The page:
Non-Monogamy & My New Marriage: An Experiment

We started playing with the idea of seeing people outside of our relationship last year. It followed directly after I came out.

We decided mutually that non-monogamy was something worth exploring, simply because we wanted to explore it. It was my personal desires that fueled this exploration. He really didn’t have any intention to start something; he was busy enough already. But I was on a mission to becoming a sexual liberationist & I craved to actualize my curiosity.

So, we decided to experiment. (And I don’t think I even need to elaborate on how much of a paradox this all was.)

First, boundaries were set.

We agreed to communicate our wishes & concerns without hesitation. We agreed to check in with our own individual emotions surrounding the people I would see (if I saw anyone at all). We agreed to stay open-minded. We agreed to be honest with our feelings.

We agreed that we would not allow any one person (or two, or three) to weaken the foundation & integrity of our values, morals, or partnership; we — he & I — would be each other’s first priorities.

We realized that to a certain & rather large extent, our experimentation with opening up our marriage meant succumbing fully to the unknown.

We understood that all the talking, planning, & guessing in the world would never prepare us for the actual experience of having a secondary relationship; that to talk-the-talk is one thing, but to walk-the-walk is another entirely.

This was incredibly important to be mindful of, as we both came from the mindset that we needed to be fully prepared for what’s to happen, should anything happen.

But how can one prepare for something they have absolutely no perspective of? This was a question we continued to ask ourselves.

So we had no choice but to become intimately familiar with the unknown — that complex grey area — while continuing to trust our intuitions & each other. Like going into a vast cave, darkness surrounding us, without only a candle of innate wisdom lighting our way.

We decided that that was all we needed. Well, that, & The Ethical Slut, which acted as our trusty guide.

From there, I (we) gave myself missions (or small tasks) to prompt & catapult us both into a non-monogamous lifestyle.

Mission #1: Ask someone out.

She was a cashier at my local grocery. She bagged my produce while I ran my plastic card through the machine that asked me Debit or Credit? Through these menial tasks we became well versed in the art of small talk for a few brief moments.

Sometimes she’d ask me what I was making for dinner (how could she not when she had a ringside seat to my refrigerator?). Sometimes she’d ask me what I was doing for the weekend. Mostly, she was just being friendly. That was part of the job description, as she worked at “the friendliest store in town.”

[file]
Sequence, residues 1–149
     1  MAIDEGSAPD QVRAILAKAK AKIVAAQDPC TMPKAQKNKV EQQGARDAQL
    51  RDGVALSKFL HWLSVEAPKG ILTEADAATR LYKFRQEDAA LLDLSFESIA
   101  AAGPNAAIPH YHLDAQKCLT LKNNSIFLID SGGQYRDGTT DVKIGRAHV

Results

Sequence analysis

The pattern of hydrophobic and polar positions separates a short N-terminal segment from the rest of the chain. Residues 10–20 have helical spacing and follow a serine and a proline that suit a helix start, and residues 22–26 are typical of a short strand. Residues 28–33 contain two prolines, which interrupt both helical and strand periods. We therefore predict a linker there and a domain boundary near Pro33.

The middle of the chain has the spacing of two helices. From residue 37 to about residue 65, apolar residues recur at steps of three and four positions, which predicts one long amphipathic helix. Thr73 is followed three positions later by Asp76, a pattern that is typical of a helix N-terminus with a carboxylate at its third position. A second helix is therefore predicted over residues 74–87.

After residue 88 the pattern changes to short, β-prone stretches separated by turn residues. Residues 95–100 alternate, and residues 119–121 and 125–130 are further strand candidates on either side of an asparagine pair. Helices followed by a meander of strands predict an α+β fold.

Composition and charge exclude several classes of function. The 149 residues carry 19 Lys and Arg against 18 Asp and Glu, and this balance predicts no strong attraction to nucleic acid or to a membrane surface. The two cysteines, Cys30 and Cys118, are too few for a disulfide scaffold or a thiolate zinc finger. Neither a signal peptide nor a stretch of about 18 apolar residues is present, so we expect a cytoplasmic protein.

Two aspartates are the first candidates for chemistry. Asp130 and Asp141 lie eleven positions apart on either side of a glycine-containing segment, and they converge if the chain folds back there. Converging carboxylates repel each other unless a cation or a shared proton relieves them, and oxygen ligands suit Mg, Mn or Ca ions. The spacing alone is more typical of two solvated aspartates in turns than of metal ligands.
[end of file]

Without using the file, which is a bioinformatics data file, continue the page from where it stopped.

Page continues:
Looking back, I probably mistook her friendliness for something more. Perhaps she had managed to flirt with me in the midst of scanning items & weighing my potatoes. Or perhaps I was just another regular customer she smiled towards. To this day, I don’t really know. My flirtation radar was in dire need of an upgrade.

It was with a lot of moxie that I decided to take a chance & ask her out, not really knowing what one says when doing so. But there I was, standing rather stupidly across her checkout counter, palms sweaty, heart racing, about to do something I’d never done before.

I suddenly felt this weird pang of disorientation: a palpable kind of role reversal was happening to me. I was about to assume the perceived “masculine” role by asking someone to go out with me, & a woman at that.

This entire idea & the discombobulation it provoked within me nearly kept me from completing my mission. But I somehow found my courage.

Her reaction was that of confusion. Confusion, I assume, because she had noticed the wedding band on my left ring finger. But she was polite about it, & agreed to meet up with me.

She said yes.

I proceeded to write down my number on a piece of paper I found on the bottom of my purse. It took me twenty minutes to find a pen. I gave her the piece of paper, trying to disguise my shaking hand, & she, in turn, gave me my receipt.

I remember walking to the car, my groceries in tow, beaming with gratification. And then a feeling of fear jolted my heart: What was I doing?

In the quietness of my car, I contemplated the move I had just made as I drove home. Only three people on the planet knew what I had done: my husband (of course), my sister, & a dear friend. They were incredulous, congratulatory, supportive.

I was scared shitless.

Having completed my first mission brought me to my next:

Go on a date with someone.

> Click to read the second part of the series.

© 2018 Ev'Yan Whitney. All rights reserved.